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In the United States Court of Appeals For the Seventh Circuit ____________________ No. 21-1690 EQUAL EMPLOYMENT OPPORTUNITY COMMISSION, Plaintiff-Appellant, v. WAL-MART STORES EAST, L.P., doing business as Wal-Mart Distribution Center #6025, Defendant-Appellee. ____________________ Appeal from the United States District Court for the Western District of Wisconsin. No. 3:18-cv-00783-bbc — Barbara B. Crabb, Judge. ____________________ ARGUED MARCH 31, 2022 — DECIDED AUGUST 16, 2022 ____________________ Before MANION, HAMILTON and BRENNAN, Circuit Judges. HAMILTON, Circuit Judge. Defendant Wal-Mart Stores East, L.P. (Walmart) o ered temporary light duty to employees who were injured on the job. At times relevant to this appeal, it did not o er similar light duty to employees who were pregnant or who were injured outside of their work for Walmart. The Equal Employment Opportunity Commission (EEOC) brought this action against Walmart claiming that the 2 No. 21-1690 denial of light duty to pregnant women violated the Civil Rights Act of 1964 and the Pregnancy Discrimination Act. See 42 U.S.C. §§ 2000e(k) & 2000e-2(a)(1). The EEOC argued that by accommodating all workers injured on the job, and denying all pregnant women a similar accommodation, Walmart engaged in sex discrimination. After a contentious discovery process, the parties led cross-motions for summary judgment, and the district court granted summary judgment to Walmart. We a rm. 1 I. Factual and Procedural Background The EEOC’s lawsuit challenges a policy to accommodate workers injured on the job at Walmart Distribution Center #6025 in Menomonie, Wisconsin. The center processes a variety of merchandise for distribution to Walmart stores, including through manual sorting and packing. Workers who unloaded and packed these items were assigned to di erent “modules” that varied signi cantly by weight. For some roles, workers needed to lift and handle boxes weighing 30 pounds or more. Workers were sometimes injured on the job. In 2014, Walmart implemented a “Temporary Alternate Duty” Policy (TAD Policy) to o er light duty to those workers injured on the job who wanted to keep working and earning their full wages while complying with any relevant medical restrictions. For example, a worker with a lifting restriction after 1 After the period relevant for this lawsuit, Walmart changed its policy and began offering temporary light duty to accommodate pregnant women. We do not consider evidence related to this change for purposes of determining whether Walmart’s earlier policy violated the law. See Fed. R. Evid. 407. No. 21-1690 3 an injury while loading boxes from a heavy module could be o ered work that would not aggravate the injury, such as “label backing, rack labeling, paperwork, painting and detail cleaning.” Employees on light duty under the TAD Policy were reevaluated for potential return to regular duty after 90 days. Under the Wisconsin worker’s compensation law, Walmart had a variety of legal and nancial obligations to workers who were injured on the job. See Wis. Stat. ch. 102. Walmart says it designed the TAD Policy to reduce overall costs while improving employee morale. During the time relevant for this lawsuit, Walmart did not o er light duty, under the TAD Policy or otherwise, to pregnant workers or to workers who were injured o the job. Instead, Walmart required pregnant workers with lifting or other physical restrictions related to pregnancy to go on leave. Some pregnant employees had to make di cult choices between continuing to work at a job that was becoming physically too demanding, or even dangerous, and going on unpaid leave for several months. For example, Cassandra Lein testi ed that she had made a private arrangement with her boss to work lighter modules during the rst trimester of her pregnancy. Eventually, however, that boss was unable to come to work, and Lein was required to work some of the heaviest modules. When Lein asked the o ce manager to avoid putting her on the heavier module, he denied her request and said “I don’t understand why you’re crying right now.” Lein went home without pay that day. 4 No. 21-1690 Lein transferred twice to other departments, trying to nd work that she could do safely while she was pregnant. She nally brought her physical restrictions to Walmart’s attention because she “was getting a feeling in [her] side,” and the pain was exacerbated by her work. She testi ed that she delayed bringing her pain to Walmart’s attention because “then I would be out of a job. So I avoided the restrictions and chose to look for the advantages in the bad situation.” Once she informed Walmart of her lifting restrictions, she was placed on unpaid leave. Other pregnant workers echoed Lein’s experience. Evelynn Welch informed Walmart of her pregnancy and “begged for light duty” because her regular duties were too much for her. Her boss denied her request, telling her that giving her light duty would be “favoritism.” She continued working until she started bleeding and the fetal heart rate began to drop. She needed to save money for unpaid maternity leave, and she testi ed that going without an income “wasn’t really an option.” Even so, Welch eventually quit when she was unable to sustain her work at Walmart. In September 2018, the EEOC led this suit against Walmart on behalf of a class of pregnant workers at Distribution Center #6025 alleging that excluding pregnant women from the TAD Policy caused Walmart to violate workers’ rights under Title VII of the Civil Rights Act of 1964 and the Pregnancy Discrimination Act. See 42 U.S.C. §§ 2000e(k) & 2000e-2(a)(1). The district court denied Walmart’s motion to dismiss, and the case moved to discovery. As we will see, discovery was hotly contested, particularly as a result of the EEOC’s insistence that Walmart obtain workers’ medical No. 21-1690 5 records through the EEOC and not through non-party discovery requests directly to health-care providers. The district court eventually dismissed the claims of two named complainants as a sanction for violations of the court’s discovery orders. The district court also denied the EEOC’s motion to compel Walmart to produce certain non-documentary evidence, including evidence about its eventual (and irrelevant under Rule 407) change in policy to start accommodating pregnant employees with light duty assignments. The parties led cross-motions for summary judgment, and the court granted Walmart’s motion. The EEOC has appealed on the merits of its pregnancy discrimination theory, arguing that we should either reverse and direct the entry of judgment in its favor or order a trial. The EEOC also challenges the dismissal of two claimants as a discovery sanction and the denial of its motion to compel additional discovery about the TAD Policy. II. Analysis We review de novo the district court’s grant of summary judgment, giving the EEOC the bene t of con icts in the evidence and drawing all reasonable inferences in its favor. Lewis v. Indiana Wesleyan University, 36 F.4th 755, 759 (7th Cir. 2022). Summary judgment is proper when “the movant shows that there is no genuine dispute as to any material fact and the movant is entitled to judgment as a matter of law.” Fed. R. Civ. P. 56(a). We can a rm a grant of summary judgment on any ground supported by the record as long as it was adequately addressed in the district court and the losing party had an opportunity to contest it. O’Brien v. Caterpillar Inc., 900 F.3d 923, 928 (7th Cir. 2018). We address rst the merits of the EEOC’s 6 No. 21-1690 pregnancy discrimination theory and then the discovery issues. A. Pregnancy Discrimination The EEOC argues that Walmart violated the Pregnancy Discrimination Act by not making light duty under the TAD Policy available to pregnant employees. Title VII makes it unlawful in relevant part for an employer “to discriminate against any individual with respect to his compensation, terms, conditions, or privileges of employment, because of such individual’s … sex.” 42 U.S.C. § 2000e-2(a)(1). Congress passed the Pregnancy Discrimination Act in part to overrule the holding in General Electric Co. v. Gilbert, 429 U.S. 125 (1976), which had held that discrimination because of pregnancy was not discrimination because of sex. Young v. United Parcel Service, Inc., 575 U.S. 206, 227–28 (2015); see also Pub. L. No. 95555, 92 Stat. 2076 (1978). The Act also “illustrate[s] how discrimination against pregnancy is to be remedied.” Young, 575 U.S. at 228, quoting California Federal Savings & Loan Ass’n v. Guerra, 479 U.S. 272, 285 (1987). The Act accomplished these goals through two clauses that amended Title VII. The rst declared that sex discrimination includes discrimination “because of or on the basis of pregnancy, childbirth, or related medical conditions.” § 2000e(k). The second provided that “women a ected by pregnancy, childbirth, or related medical conditions shall be treated the same for all employment-related purposes … as other persons not so a ected but similar in their ability or inability to work.” Id. (emphasis added). A plainti can assert a claim of pregnancy discrimination under either a disparate-treatment or a disparate-impact No. 21-1690 7 theory of liability. Young, 575 U.S. at 212–13. In this case, the EEOC seeks to use circumstantial evidence to prove disparate treatment in violation of the second clause of the Pregnancy Discrimination Act. The EEOC invokes the familiar three-step McDonnell Douglas burden-shifting framework, as adapted to pregnancy discrimination in Young. See id. at 229, citing McDonnell Douglas Corp. v. Green, 411 U.S. 792 (1973). “Ultimately the court must determine whether the nature of the employer’s policy and the way in which it burdens pregnant women shows that the employer has engaged in intentional discrimination.” Id. at 211 (emphasis added). 1. Young v. UPS and its Steps The Supreme Court’s most relevant guidance under the Pregnancy Discrimination Act came in Young, where the court vacated summary judgment in favor of the employer. 575 U.S. at 232. In doing so, it rejected both parties’ interpretations of the Act and adopted its own. The employee in Young was a driver for UPS. UPS expected her to lift parcels weighing up to 70 pounds. After she became pregnant, Young’s doctor told her not to lift more than 20 pounds and later in her pregnancy not more than 10 pounds. Young asked UPS for light duty, but UPS refused. Young went on leave during her pregnancy and lost her employee medical coverage. Id. at 211. Young argued that UPS was discriminating against pregnant drivers because it accommodated other drivers who were not pregnant but were “similar in their … inability to work.” Id., citing 42 U.S.C. § 2000e(k). In its defense, UPS explained that it accommodated drivers who had become disabled through on-the-job injuries, as well as those who had lost federal Department of Transportation certi cations, and those who had disabilities covered by the Americans with 8 No. 21-1690 Disabilities Act of 1990. Id. at 211–12. In rebuttal, Young also o ered evidence that UPS had accommodated drivers who were injured o the job or whose disabilities stemmed from diseases, including cancer. Id. at 217. A union steward testi ed that the only light duty requests that UPS declined were from pregnant women. Id. Young proposed a broad interpretation of the Act’s second clause, which would nd a violation if an employer accommodated any worker’s physical limitations, regardless of reasons, and if it denied a similar accommodation to a similarlylimited pregnant employee. The Court rejected this position, which it described as “most-favored-nation” status for pregnant workers. Id. at 221–22. The Court also rejected UPS’s position and adopted instead a middle ground that governs our approach to this case. The Court adapted the burden-shifting framework of McDonnell Douglas to the Pregnancy Discrimination Act. First, “a plainti … may make out a prima facie case by showing, as in McDonnell Douglas, that she belongs to the protected class, that she sought accommodation, that the employer did not accommodate her, and that the employer did accommodate others ‘similar in their ability or inability to work.’” Id. at 229, quoting 42 U.S.C. § 2000e(k). The Court noted that the rststep burden is “not onerous.” Id. at 228, quoting Texas Dep’t of Community A airs v. Burdine, 450 U.S. 248, 253 (1981). If a plainti can make a prima facie case, the burden shifts to the employer to o er at step two a “legitimate, nondiscriminatory” justi cation for denying the accommodation. Id. at 229, quoting McDonnell Douglas, 411 U.S. at 802. The Court made clear that such justi cations “normally cannot consist simply of a claim that it is more expensive or less convenient No. 21-1690 9 to add pregnant women to the category of those (‘similar in their ability or inability to work’) whom the employer accommodates. After all, the employer in Gilbert could in all likelihood have made just such a claim.” Id. A plainti can overcome summary judgment at the third step by “providing su cient evidence that the employer’s policies impose a signi cant burden on pregnant workers, and that the employer’s ‘legitimate, nondiscriminatory’ reasons are not su ciently strong to justify the burden,” “giv[ing] rise to an inference of intentional discrimination.” Id. at 229. The employee can do this by o ering evidence “that the employer accommodates a large percentage of nonpregnant workers while failing to accommodate a large percentage of pregnant workers.” Id. at 229–30. Plainti Young satis ed that burden, requiring that summary judgment for UPS be vacated, by showing that UPS provided favorable treatment to “at least some employees whose situation cannot reasonably be distinguished from Young’s.” Id. at 231. Young also o ered evidence that several UPS policies for other categories of drivers worked together to accommodate lifting restrictions for most non-pregnant drivers but categorically refused to accommodate pregnant drivers. Id. at 230. The Supreme Court made clear that a reviewing court must consider the combined e ects of an employer’s policies and the strength of the justi cations for each policy when combined. Id. at 231. 2. Step Two in This Case Walmart concedes that the EEOC has satis ed step one of Young by showing that Walmart excluded pregnant employees from the TAD Policy, so we focus in turn on steps two and 10 No. 21-1690 three under Young. At step two, Walmart relies on reasons for its o cial TAD Policy to justify providing accommodations only to workers who were injured on the job. The TAD Policy describes its bene ts as: • Enhanced associate loyalty as providing TAD demonstrates a caring attitude and allows the associate to continue to be a contributing part of the facility team. • Increased morale of the injured associate. • Decreased associate recovery time, which allows the associate to remain productive. • Lowered accident costs by reducing the payment of lost wages. • Reduced legal exposure by allowing the associate to earn full wages. Walmart added the following context through the declaration of John Murphy, the former human resource manager for the Walmart facility at issue here: 28. TAD reduces Walmart’s costs overall because Walmart receives work from the associate with the occupational injury, and Walmart does not have to hire a di erent associate to do that work while the occupationally injured associate performs no work. 29. TAD reduces Walmart’s legal exposure because the injured associate earns full wages, instead of the reduced wages under the worker’s compensation system. No. 21-1690 11 In sum, Walmart o ers evidence that the purpose of the TAD Policy is to implement a worker’s compensation program that bene ts Walmart’s employees while limiting the company’s “legal exposure” and costs of hiring people to replace injured workers. In Legg v. Ulster County, 820 F.3d 67 (2d Cir. 2016), the Second Circuit considered a similar policy by a county that accommodated with light duty correctional o cers who had been injured on the job, but not others similarly limited for other reasons, including pregnancy. At step two of the Young analysis, the county explained that it o ered corrections o cers light duty only for occupational injuries, and not for pregnancy or other causes, because the state worker’s compensation law required municipalities to pay o cers injured on the job but did not require the same for o cers unable to work for any other reasons, including pregnancy. Legg, 820 F.3d at 74–75. The Second Circuit accepted this justi cation from the county for step two, determining that “compliance with a state workers’ compensation scheme is a neutral reason for providing bene ts to employees injured on the job but not pregnant employees.” Id. We agree. Wisconsin’s worker’s compensation law gives workers injured on the job under certain conditions a right to an indemnity as wages. See Wis. Stat. § 102.43. The rate of this indemnity depends on the extent of any disability caused by the worker’s on-the-job injury. See id. Employers are also liable for loss of earnings during any period of temporary disability. § 102.43(9). An employer can limit this latter liability by o ering suitable employment—e.g., light duty under the TAD Policy—to an employee able to return to restricted work during the healing period. § 102.43(9)(a). Under the TAD Policy, 12 No. 21-1690 Walmart pays full wages while workers heal on light duty, rather than the reduced wages provided under the worker’s compensation system if they were on leave. Under this arrangement, Walmart says it seeks to comply with its obligations under Wisconsin law while it receives work from the healing employee and avoids the need to hire a replacement. O ering temporary light duty to workers injured on the job pursuant to a state worker’s compensation law is a “legitimate, nondiscriminatory” justi cation for denying accommodations under the TAD Policy to everyone else, such as individuals not injured on the job, including pregnant women. See Young, 575 U.S. at 229, quoting McDonnell Douglas, 411 U.S. at 802; see also Legg, 820 F.3d at 75. The EEOC argues here that the Pregnancy Discrimination Act, as interpreted by Young, imposes a heightened burden of production at step two—a burden that Walmart fails to meet. According to the EEOC, Young requires Walmart “to do more than simply articulate the reason why it provided a bene t to non-pregnant employees. The employer must also articulate the reasons why it excluded pregnant employees from the bene t.” The EEOC claims that the text of the Pregnancy Discrimination Act supports this argument for a heightened burden at step two. We are not persuaded. The second clause of the Act clari es that pregnant women must “be treated the same” as others “similar in their ability or inability to work,” but it is a long stretch to say that this text requires a particular, heightened burden on employers in Young’s step two. 42 U.S.C. § 2000e(k). To support this heightened burden theory, the EEOC points to two passages in Young: No. 21-1690 13 Ultimately the court must determine whether the nature of the employer’s policy and the way in which it burdens pregnant women shows that the employer has engaged in intentional discrimination. … [W]hy, when the employer accommodated so many, could it not accommodate pregnant women as well? Young, 575 U.S. at 211 & 231. These statements do not bear the weight that the EEOC seeks to place on them. To begin with, they do not address the burden at step two of the Young analysis. The rst quotation refers to the need to focus the disparate-treatment inquiry on evidence of intentional discrimination. Id. at 211. The second quotation is a fact-focused rhetorical question. In Young, the employer’s multiple policies combined to accommodate most non-pregnant workers, and that point was addressed at the third step of the inquiry, not the second. Id. at 231. Neither quotation supports a heightened burden of production for employers at step two. Walmart met its burden at step two by o ering a legitimate reason for the TAD Policy’s limits that was not discriminatory. From Walmart’s standpoint, it had chosen for sound reasons to o er a bene t to a certain category of workers, those injured on the job, without intending to discriminate against anyone else with physical limitations, whether caused by o -the-job injuries, illness, pregnancy, or anything else, to whom its reasons did not apply. 14 No. 21-1690 3. Step Three in This Case At step three, the burden shifts back to the EEOC to “provid[e] su cient evidence that the employer’s policies impose a signi cant burden on pregnant workers, and that the employer’s ‘legitimate, nondiscriminatory’ reasons are not su ciently strong to justify the burden, but rather—when considered along with the burden imposed—give rise to an inference of intentional discrimination.” 575 U.S. at 229, quoting McDonnell Douglas, 411 U.S. at 802. Here, the di erences between Walmart’s TAD Policy and the employer’s multiple policies in Young defeat the EEOC’s theory of discrimination. The Court vacated summary judgment for UPS in Young because it provided accommodations under multiple policies to several other groups of workers with lifting restrictions who were similar to Young in their ability or inability to work. Id. at 230. Like Walmart here, UPS accommodated occupationally injured workers unable to perform their normal work assignments. Unlike Walmart, though, UPS also provided lightduty assignments to accommodate drivers who lost necessary certi cations due to a failed medical examination, involvement in an accident, or a lost driver’s license. Id. at 215. Young also o ered evidence of speci c other employees accommodated by UPS, including some accommodated with light duty to cope with lost certi cations and injuries that did not occur on the job. Id. at 216–17. In short, UPS seemed to accommodate lifting restrictions resulting from every condition except pregnancy. In this case, however, the EEOC has not o ered evidence of comparators who were similar to pregnant women in their ability or inability to work and who bene ted from light duty, other than workers injured on the job. No. 21-1690 15 In Young, the Supreme Court noted that a “plainti can create a genuine issue of material fact as to whether a signi cant burden exists by providing evidence that the employer accommodates a large percentage of nonpregnant workers while failing to accommodate a large percentage of pregnant workers.” 575 U.S. at 229–30. The EEOC argues that it can satisfy this signi cant burden test because under the TAD Policy Walmart denied light duty to 100 percent of pregnant workers and granted light duty to 100 percent of occupationally injured workers. The argument is circular, however, and e ectively asks the court to adopt the “most-favored-nation” status for pregnant employees that the Supreme Court rejected in Young. Id. at 222. The EEOC cannot satisfy its burden at step three of the Young analysis by pointing to numbers showing only that Walmart actually implements its TAD Policy consistently with the justi cation for the policy that is legitimate and nondiscriminatory. Young did not adopt a speci c numerical threshold or ratio for non-pregnant workers accommodated and pregnant workers not accommodated to support an inference of pregnancy discrimination. But the facts of Young tell us what was su cient there, and the evidence here does not approach that showing. The closest the EEOC came to showing accommodation of similarly situated workers outside the TAD Policy for on-thejob injuries was to o er evidence in the district court that one complainant-employee was accommodated with a reduced schedule when she was not pregnant but was denied a similar accommodation when she was pregnant. A Walmart human resources clerk testi ed that the company approved Stephanie Kohls’ request to reduce her schedule to attend school. 16 No. 21-1690 Kohls testi ed, though, that when she was pregnant, her doctor gave her a restriction that limited her to an eight-hour workday. Walmart never accommodated this restriction and required Kohls to take leave during her pregnancy. If developed further, and perhaps as applied to a number of other employees who were neither pregnant nor injured on the job, this type of evidence could show a “signi cant burden” on pregnant workers and undermine Walmart’s stated justi cations for limiting access to the TAD Policy. See Young, 575 U.S. at 229–30. The EEOC has abandoned this argument on appeal, however, and it is waived. Miller v. Chicago Transit Authority, 20 F.4th 1148, 1155 (7th Cir. 2021) (“arguments not raised in an opening brief are waived”), quoting Tuduj v. Newbold, 958 F.3d 576, 579 (7th Cir. 2020). The EEOC has not presented other evidence suggesting that workers similar to pregnant women in their ability or inability to work are accommodated under any employer policies barred to pregnant women, including the TAD Policy, other than the occupationally injured workers themselves. We arrive at a di erent conclusion at step three than the Second Circuit did in Legg v. Ulster County, a similar but distinguishable case. See 820 F.3d at 75. Recall that Legg involved corrections o cers who brought a claim of pregnancy discrimination against their county employer. The county offered light duty to workers injured on the job but not to its sole pregnant employee. Like Walmart here, the county tried to justify the policy based on the state’s worker’s compensation law. The court reversed judgment as a matter of law for the county for two reasons. First, and distinguishing Legg from this case, the employer in Legg had o ered inconsistent and confusing rationales for its policy to accommodate those No. 21-1690 17 injured on the job but not other employees. There is no similar evidence here. Second, the court found that the burden on pregnant employees could be deemed signi cant enough to outweigh the county’s justi cations at step three of the Young framework. Id. at 75–76. The Second Circuit left that choice to the jury. Without the evidence of confused and inconsistent rationales, the result in Legg would, in our view, be di cult to reconcile with Young’s rejection of the “most-favored-nation” theory of pregnancy discrimination. 575 U.S. at 222. But again, we have no such evidence of confused and inconsistent explanations here, so we nd Legg distinguishable in any event. The district court properly granted summary judgment on the merits of the pregnancy discrimination claim. B. Discovery Sanctions The EEOC also argues that the district court improperly dismissed two claimants as a discovery sanction. We review for abuse of discretion the dismissal of a claimant’s case as a discovery sanction. Donelson v. Hardy, 931 F.3d 565, 569 (7th Cir. 2019). “Of all possible sanctions, dismissal is considered draconian, and we must be vigilant in our review.” Maynard v. Nygren, 372 F.3d 890, 892 (7th Cir. 2004) (internal quotations and citation omitted). Under the abuse of discretion standard, we uphold any reasonable discovery sanction fashioned by the district court, even if we might have made a di erent choice. Wine & Canvas Development, LLC v. Muylle, 868 F.3d 534, 539 (7th Cir. 2017). A party challenging a choice of sanction must show that no reasonable person would agree that the sanction was appropriate. Id. “Factors relevant to the decision to dismiss include the plainti ’s pattern of and personal responsibility for violating orders, the prejudice to others 18 No. 21-1690 from that noncompliance, the possible e cacy of lesser sanctions, and any demonstrated merit to the suit.” Pendell v. City of Peoria, 799 F.3d 916, 917 (7th Cir. 2015). The dismissal sanction here was imposed under Federal Rule of Civil Procedure 37. Dismissal under Rule 37 must be supported by fault, as shown by “extraordinarily poor judgment” or “gross negligence,” rather than mere mistake or inadvertence. Ramirez v. T&H Lemont, Inc., 845 F.3d 772, 776 (7th Cir. 2016), quoting Marrocco v. General Motors Corp., 966 F.2d 220, 224 (7th Cir. 1992). The district court dismissed claimants Shannon Sonnentag and Leah Hayworth after it “warned plainti more than once that claimants would be struck if plainti did not produce the claimants’ records in a timely manner.” To explain, discovery for this litigation was slowed by the EEOC’s relatively late introduction of new claimants and the agency’s insistence on retaining control over the production of medical records. The EEOC was still adding claimants approximately a month prior to the original deadline for dispositive motions. When Walmart served subpoenas on the nonparty health-care providers of twelve claimants, the EEOC moved to quash the subpoenas as broad and unnecessarily invasive of private medical information. Instead, the EEOC sought to manage production of medical records so that it could redact or withhold irrelevant information. In early February 2020, the magistrate judge overseeing discovery asked the EEOC to con rm whether it was “willing to answer on behalf of each claimant for all discovery demands.” The EEOC responded: No. 21-1690 19 [EEOC]: Yes. We accept all discovery demands through written discovery for the claimants— The Court: Okay. [EEOC]:—and respond on behalf of each claimant, and the same with deposition notices. We produce claimants for deposition pursuant to deposition notices …. to the extent there's di culty with our ability to do that, we drop claimants. (Emphasis added.) Later in the hearing, the magistrate judge warned the parties about the consequences of violating the court’s discovery orders: We are now entering Rule 37(b) territory …. [I]f the EEOC was not forthcoming and timely in providing all information it was required to provide about a claimant prior to that claimant's deposition, I predict the judge would grant a motion to strike that claimant from the lawsuit …. [W]hen this call is over and when I have given a nal order to the EEOC about what it must provide and when, the Court expects the EEOC to follow it, and I'm con dent that [counsel for the EEOC] will commit to that. But if something happens and the Court nds fault, there will be severe consequences. (Emphases added.) The magistrate judge then reiterated that the EEOC would be responsible for ensuring the claimants’ availability for deposition and providing relevant documents 30 days before each deposition. The EEOC was not able to keep to these deadlines, and the court repeatedly warned the EEOC of potential consequences, 20 No. 21-1690 including dismissal, for continued failure to comply with discovery orders. In late February, the court clari ed that if Walmart’s fears about discovery issues were justi ed, “then it is likely that the court will strike from this lawsuit any proposed claimant for whom the EEOC does not timely provide the required information and schedule for a timely deposition.” In a discovery conference on March 2, the magistrate judge repeated the warning: “Judge Crabb is ne with striking claimants, that from the judge’s perspective, she has already accommodated the EEOC by pushing these deadlines out so that things could happen.” The discovery dispute continued however, and on March 5, Walmart moved to strike nine claimants. The district court found on March 27 that the EEOC had “violate[d] court-ordered discovery production deadlines,” but at that time, the court refused to “ nd that the speci c circumstances present in this case warrant the striking of nine claimants.” On April 8, 2020, the court imposed a new deadline of August 31 for depositions, with production of each claimant’s medical records due 30 days before her deposition. The district court’s initial and measured responses to the EEOC’s failures were well within its discretion, as were the repeated and clear warnings that it would not indulge further delays. Brown v. Columbia Sussex Corp., 664 F.3d 182, 191–92 (7th Cir. 2011) (a rming dismissal of plainti s’ claims for repeatedly missing discovery deadlines); Securities & Exchange Commission v. Homa, 514 F.3d 661, 678 (7th Cir. 2008) (a rming grant of default judgment for repeated refusals to comply with discovery orders). The district court’s orders were quite speci c, and the EEOC failed to comply. Cf. Evans v. Gri n, 932 F.3d 1043, 1046–47 (7th Cir. 2019) (reversing sanction of No. 21-1690 21 dismissal under Rule 37(b) for failure to comply with discovery orders; court order “did not direct either party to engage in any speci c course of discovery”). But then the EEOC failed to provide certain medical records 30 days prior to the depositions of Sonnentag and Hayworth in August 2020. At that point, the district court imposed the sanction of dismissal for those two claimants, though not the entire case. The EEOC argues that the district court failed to justify the dismissals with a su cient nding of culpability. The EEOC says that its discovery violations were inadvertent and resulted in no prejudice to Walmart. We see things di erently. The district court did not dismiss these two claimants for one inadvertent mistake. The court had repeatedly tolerated discovery delays by the EEOC while warning the EEOC that its patience was not in nite, and it had given ample warning that claimants might be dismissed if the EEOC continued to miss court-ordered deadlines. This sanction was imposed within the boundaries of the court’s powers under Rule 37(b)(2)(A) for the EEOC’s failure to obey discovery orders. See Ramirez, 845 F.3d at 776. District courts must be able to enforce deadlines to e ectively manage their docket. Flint v. City of Belvidere, 791 F.3d 764, 768 (7th Cir. 2015). The dismissal of Sonnentag and Hayworth was strong medicine but reasonable under the circumstances. Having granted the EEOC’s request to control the production of claimants’ medical records, having seen the EEOC fail to meet its obligations more than once, and having given the EEOC a further chance to comply but with a warning, the district court acted well within its discretion in dismissing the two claimants. See Donelson, 931 F.3d at 570 (a rming dismissal after 22 No. 21-1690 warnings to plainti to stop obstructing discovery proved ine ective); Wine & Canvas Development, 868 F.3d at 539 (a rming monetary sanctions against plainti for missing discovery deadline by one day); see also Pendell, 799 F.3d at 917 (a rming dismissal under Rule 37(d) after plainti repeatedly failed to appear for her deposition: “a court may dismiss a suit after the plainti has willfully refused to comply with discovery orders and the plainti has been warned that noncompliance may lead to dismissal”); Domanus v. Lewicki, 742 F.3d 290, 300, 302 (7th Cir. 2014) (a rming grant of default judgment against defendants for discovery abuses, including delay); Salgado v. General Motors Corp., 150 F.3d 735, 741–43 (7th Cir. 1998) (a rming grant of summary judgment; when plainti missed extended discovery deadline, despite court’s warning, district court excluded plainti ’s expert witness, leaving plainti with no case). C. Denial of Motion to Compel Discovery Finally, the EEOC argues that the district court abused its discretion in denying its motion to compel discovery of nondocumentary evidence about the TAD Policy. District courts have broad discretion in discovery-related matters, and we review the denial of a motion to compel for abuse of discretion. See Gonzalez v. City of Milwaukee, 791 F.3d 709, 713 (7th Cir. 2015). “We will only reverse a district court’s ruling after a clear showing that the denial of discovery resulted in actual and substantial prejudice.” Id. First, the district court did not deny the EEOC’s motion to compel in full. The EEOC had sought information about particular Walmart decision-makers involved in the TAD Policy, related training, and why the policy was later changed to include pregnant women. The magistrate judge’s order said: No. 21-1690 23 Therefore, the EEOC may discover Walmart’s written policies on breastfeeding, lactation, and school-related schedule adjustments that were in e ect at the time alleged in the EEOC’s complaint. The EEOC also may discover any nonprivileged documents that explain why Walmart changed its TAD policy. But that’s it: production is limited to the documents. This will give the EEOC the information most relevant to its concerns without unduly burdening Walmart or its policy makers. (Emphasis added.) The magistrate judge denied other discovery “both on relevance grounds and pursuant to Fed. R. Evid. 407.” The district court later overruled the EEOC’s objections to the magistrate judge’s discovery order, reasoning that the EEOC had not alleged a lack of training or speci c actions by policymakers that would justify the additional information requested. On appeal, the EEOC argues that the district court’s discovery limitations stem from the court’s misapplication of Young and its errors in interpreting the second clause of the Pregnancy Discrimination Act. The EEOC claims that suits under the second clause permit broader discovery to learn “whether the employer explained why it excluded pregnant employees from a bene t.” We do not agree. As explained above, this language in Young does not create a heightened burden and does not justify limitless non-documentary discovery, especially when the evidence appears likely to be irrelevant and inadmissible under Fed. R. Evid. 407. 24 No. 21-1690 The EEOC also fails to show real and substantial prejudice from the denial of additional discovery. See Gonzalez, 791 F.3d at 713. Given that lack of prejudice and the district court’s broad discretion as to the scope of discovery, we nd no abuse of discretion here. The judgment of the district court is AFFIRMED.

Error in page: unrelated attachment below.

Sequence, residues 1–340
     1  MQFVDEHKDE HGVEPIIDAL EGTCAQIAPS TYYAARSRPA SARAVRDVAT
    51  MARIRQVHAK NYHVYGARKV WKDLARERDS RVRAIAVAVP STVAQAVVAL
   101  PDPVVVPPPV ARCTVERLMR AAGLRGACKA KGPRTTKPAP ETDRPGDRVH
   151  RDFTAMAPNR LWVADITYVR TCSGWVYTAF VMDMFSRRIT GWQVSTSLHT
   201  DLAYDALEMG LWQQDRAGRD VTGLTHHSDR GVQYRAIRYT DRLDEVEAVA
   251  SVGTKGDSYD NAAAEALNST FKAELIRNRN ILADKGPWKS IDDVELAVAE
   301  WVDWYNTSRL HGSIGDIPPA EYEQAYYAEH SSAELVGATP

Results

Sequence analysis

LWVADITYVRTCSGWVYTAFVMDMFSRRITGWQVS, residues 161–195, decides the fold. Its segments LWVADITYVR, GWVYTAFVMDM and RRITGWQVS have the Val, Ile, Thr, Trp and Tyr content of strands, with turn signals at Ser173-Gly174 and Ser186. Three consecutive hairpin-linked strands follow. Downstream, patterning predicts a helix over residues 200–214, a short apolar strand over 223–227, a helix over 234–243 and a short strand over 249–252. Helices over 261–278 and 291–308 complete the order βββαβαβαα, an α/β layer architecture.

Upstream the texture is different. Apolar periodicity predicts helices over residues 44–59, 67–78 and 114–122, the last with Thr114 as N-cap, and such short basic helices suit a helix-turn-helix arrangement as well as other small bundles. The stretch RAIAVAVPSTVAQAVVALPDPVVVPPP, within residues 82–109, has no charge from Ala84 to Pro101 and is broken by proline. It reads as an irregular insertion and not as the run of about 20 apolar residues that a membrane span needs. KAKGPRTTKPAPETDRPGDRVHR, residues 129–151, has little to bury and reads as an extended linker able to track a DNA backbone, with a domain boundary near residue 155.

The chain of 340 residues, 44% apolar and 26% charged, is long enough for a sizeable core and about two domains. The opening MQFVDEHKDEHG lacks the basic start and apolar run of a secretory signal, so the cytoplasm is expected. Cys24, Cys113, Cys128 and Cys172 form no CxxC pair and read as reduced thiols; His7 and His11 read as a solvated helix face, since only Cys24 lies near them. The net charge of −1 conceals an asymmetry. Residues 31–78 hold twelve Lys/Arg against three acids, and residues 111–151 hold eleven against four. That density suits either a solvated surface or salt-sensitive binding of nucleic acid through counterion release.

Primary Holding
Seventh Circuit rejects claims under Title VII of the Civil Rights Act and the Pregnancy Discrimination Act based on Walmart's "temporary alternate duty" program, which was available to workers injured on the job but not to pregnant workers.